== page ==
If a property owner wants relief from a zoning law, they must file an appeal of your Zoning Permit denial to their local Board of Adjustment. First, they file the application, then they must give public notice to all individuals and property owners within 200 feet of the subject property. The Board of Adjustment in the town will require that a public hearing is held in which the neighbors and other members of the public in the town may attend and participate in. Those members are given a chance to voice their opinions, whether they are pro-variance or anti-variance. The property owner applying for the variance must put forward evidence and proof in front of the Board of Adjustment as to why they should receive a variance from the zoning law.


The law requires that the property owner produce legal evidence and proof to justify your variance request, if they fail to do so, the variance application will be denied. If there are objectors to the variance application, the town may not be in favor or your application and may throw in unreasonable demands. Many times, objectors to a variance will hire an attorney to introduce obstacles to the property owner’s application. This makes the process much more difficult.

Variance applications can be complicated both from a procedural aspect as well as substantively establishing the standard of proof.   An experienced land use attorney can help guide you through the process and properly provide the basis needed in order to obtain variance relief.



Avoiding Disputes Before They Start: A Guide To Horse Leasing

The attorneys at Mylod & Fitzgerald aim to prevent lawsuits. The way we do this is by focusing on proper paperwork that limits the liability of our clients.

Emiline Mylod Fitzgerald and “Augustus”

Leasing a horse allows a person to experience the responsibilities and benefits of horse ownership without a permanent commitment. Equine lease agreements are popular in New Jersey, yet surprisingly, some people lease a horse based upon a mere handshake or use agreements which are vague and full of ambiguities. This exposes the parties to the possibility of costly problems down the road. A comprehensive lease agreement is necessary to facilitate the lease of a horse, and should be negotiated between the parties with the help of equine attorneys.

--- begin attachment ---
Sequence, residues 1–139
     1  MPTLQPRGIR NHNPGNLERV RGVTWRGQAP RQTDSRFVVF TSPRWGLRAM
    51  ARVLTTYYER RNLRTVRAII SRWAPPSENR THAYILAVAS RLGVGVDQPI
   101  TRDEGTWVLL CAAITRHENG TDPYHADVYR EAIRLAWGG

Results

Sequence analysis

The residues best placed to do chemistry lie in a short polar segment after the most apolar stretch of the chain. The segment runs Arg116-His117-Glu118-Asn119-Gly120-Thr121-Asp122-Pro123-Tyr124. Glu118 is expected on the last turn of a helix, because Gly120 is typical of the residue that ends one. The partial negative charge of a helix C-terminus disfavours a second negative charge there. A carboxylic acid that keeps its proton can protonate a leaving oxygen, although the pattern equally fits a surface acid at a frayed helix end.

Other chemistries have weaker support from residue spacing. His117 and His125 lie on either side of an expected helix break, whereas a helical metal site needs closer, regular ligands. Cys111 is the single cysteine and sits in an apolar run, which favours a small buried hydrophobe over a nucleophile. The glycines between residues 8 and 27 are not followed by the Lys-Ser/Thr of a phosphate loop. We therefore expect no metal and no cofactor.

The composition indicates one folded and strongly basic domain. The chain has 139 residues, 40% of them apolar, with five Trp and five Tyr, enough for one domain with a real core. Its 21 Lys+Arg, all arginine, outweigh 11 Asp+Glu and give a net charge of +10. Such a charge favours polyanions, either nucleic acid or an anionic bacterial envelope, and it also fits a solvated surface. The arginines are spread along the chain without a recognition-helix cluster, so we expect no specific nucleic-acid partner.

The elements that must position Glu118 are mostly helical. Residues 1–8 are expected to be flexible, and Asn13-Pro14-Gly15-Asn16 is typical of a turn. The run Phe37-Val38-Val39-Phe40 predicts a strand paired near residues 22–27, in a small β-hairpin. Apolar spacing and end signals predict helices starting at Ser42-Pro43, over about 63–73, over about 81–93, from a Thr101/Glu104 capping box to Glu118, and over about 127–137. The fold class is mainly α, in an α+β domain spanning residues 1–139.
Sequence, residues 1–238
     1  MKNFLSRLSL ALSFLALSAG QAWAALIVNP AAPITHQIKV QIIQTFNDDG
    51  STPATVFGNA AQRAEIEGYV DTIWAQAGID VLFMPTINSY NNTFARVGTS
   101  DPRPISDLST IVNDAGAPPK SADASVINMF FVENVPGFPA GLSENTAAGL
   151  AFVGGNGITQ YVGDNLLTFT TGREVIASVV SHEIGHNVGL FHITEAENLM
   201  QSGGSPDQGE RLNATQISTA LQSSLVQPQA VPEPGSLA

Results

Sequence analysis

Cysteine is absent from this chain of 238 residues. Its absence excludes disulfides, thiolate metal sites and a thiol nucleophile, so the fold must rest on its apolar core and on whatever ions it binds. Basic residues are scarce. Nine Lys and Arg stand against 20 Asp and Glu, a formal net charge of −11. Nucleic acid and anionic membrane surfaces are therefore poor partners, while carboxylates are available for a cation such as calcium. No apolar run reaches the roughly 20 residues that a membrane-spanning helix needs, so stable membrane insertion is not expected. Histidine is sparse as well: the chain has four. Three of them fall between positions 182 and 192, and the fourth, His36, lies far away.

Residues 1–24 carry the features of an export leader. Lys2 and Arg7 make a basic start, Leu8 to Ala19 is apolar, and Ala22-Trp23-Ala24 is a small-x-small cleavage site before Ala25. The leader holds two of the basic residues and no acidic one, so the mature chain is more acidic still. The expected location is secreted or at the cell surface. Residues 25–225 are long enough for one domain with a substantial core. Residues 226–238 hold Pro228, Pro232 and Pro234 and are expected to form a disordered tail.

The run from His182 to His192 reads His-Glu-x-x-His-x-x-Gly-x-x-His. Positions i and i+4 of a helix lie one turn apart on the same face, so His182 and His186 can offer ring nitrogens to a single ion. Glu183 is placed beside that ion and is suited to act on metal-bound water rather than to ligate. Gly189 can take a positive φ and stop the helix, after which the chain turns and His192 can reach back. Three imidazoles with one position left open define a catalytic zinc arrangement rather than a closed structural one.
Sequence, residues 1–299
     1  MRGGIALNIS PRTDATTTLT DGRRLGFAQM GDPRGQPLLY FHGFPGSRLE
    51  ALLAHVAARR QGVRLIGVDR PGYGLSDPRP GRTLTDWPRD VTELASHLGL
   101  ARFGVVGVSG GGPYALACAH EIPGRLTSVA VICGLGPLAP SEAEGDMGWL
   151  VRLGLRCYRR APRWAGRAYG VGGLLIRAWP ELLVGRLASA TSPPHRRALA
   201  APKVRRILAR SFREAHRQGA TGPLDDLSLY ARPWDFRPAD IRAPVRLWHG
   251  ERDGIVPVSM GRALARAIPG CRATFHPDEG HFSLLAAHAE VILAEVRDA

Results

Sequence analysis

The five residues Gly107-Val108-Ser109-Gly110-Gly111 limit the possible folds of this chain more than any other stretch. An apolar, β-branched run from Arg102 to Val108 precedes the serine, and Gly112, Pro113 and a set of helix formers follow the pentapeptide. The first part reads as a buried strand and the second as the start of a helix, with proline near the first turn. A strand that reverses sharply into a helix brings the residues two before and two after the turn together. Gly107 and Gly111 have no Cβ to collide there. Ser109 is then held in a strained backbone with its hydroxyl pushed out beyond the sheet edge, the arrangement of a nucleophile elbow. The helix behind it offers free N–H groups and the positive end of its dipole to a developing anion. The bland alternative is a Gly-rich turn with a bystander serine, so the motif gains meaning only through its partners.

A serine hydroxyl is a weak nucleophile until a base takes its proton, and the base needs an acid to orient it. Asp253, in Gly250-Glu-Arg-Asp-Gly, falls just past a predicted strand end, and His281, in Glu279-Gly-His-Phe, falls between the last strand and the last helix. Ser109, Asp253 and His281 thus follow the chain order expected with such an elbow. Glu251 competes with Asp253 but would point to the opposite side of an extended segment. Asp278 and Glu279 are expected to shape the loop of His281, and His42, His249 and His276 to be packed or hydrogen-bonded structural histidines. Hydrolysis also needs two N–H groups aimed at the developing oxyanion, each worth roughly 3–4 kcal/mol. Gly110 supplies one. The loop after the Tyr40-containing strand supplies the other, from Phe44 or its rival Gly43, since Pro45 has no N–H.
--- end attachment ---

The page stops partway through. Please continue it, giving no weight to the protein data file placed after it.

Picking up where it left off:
Jenna Bumm and “Step Right Up”          Photo Credit: Howie Shatzberg

A few things to consider when participating in a lease transaction:

  • Who is the owner and who is the leasee?
  • What is the cost of the lease?
  • What is the term of the lease? (Examples: Month-to-month, six months, yearly)
  • When does the agreement begin and terminate?
  • Who is responsible for paying for routine veterinary care and non-routine (emergency) care?
  • Where is the horse to be kept?
  • How can the horse be used?
  • What are the restrictions? (Jump height, rides per week, ect.)
  • What are the training and showing restrictions?
  • Can the horse be used for recreational trail riding?
  • What is the standard of care that the horse must receive during the lease?
  • Can the Leasor inspect the horse? If so, how often?
  • Who is the Leasee allowed to train with?
  • Is the horse insured with equine insurance during the lease?
  • What happens if the horse becomes lame mid-lease?
Kerry Duffy and “Princestana”

These are just a fraction of the considerations that should go into a lease agreement. It doesn’t matter if you are leasing a $1,000 horse or a $100,000 horse, a carefully worded written contract can prevent a legal dispute. The contact will ensure that both parties have the same understanding of the agreement being entered into. This will help to avoid a legal battle which will not be quick, easy, or cheap to resolve. The legal fees to prevent disputes through a solid lease agreement are minor in comparison to the potential legal fees in connection with equine litigation.

“Bhodium R” owned by Tori Rooney Claehsen


*All photos in this post are used with the permission of the owners*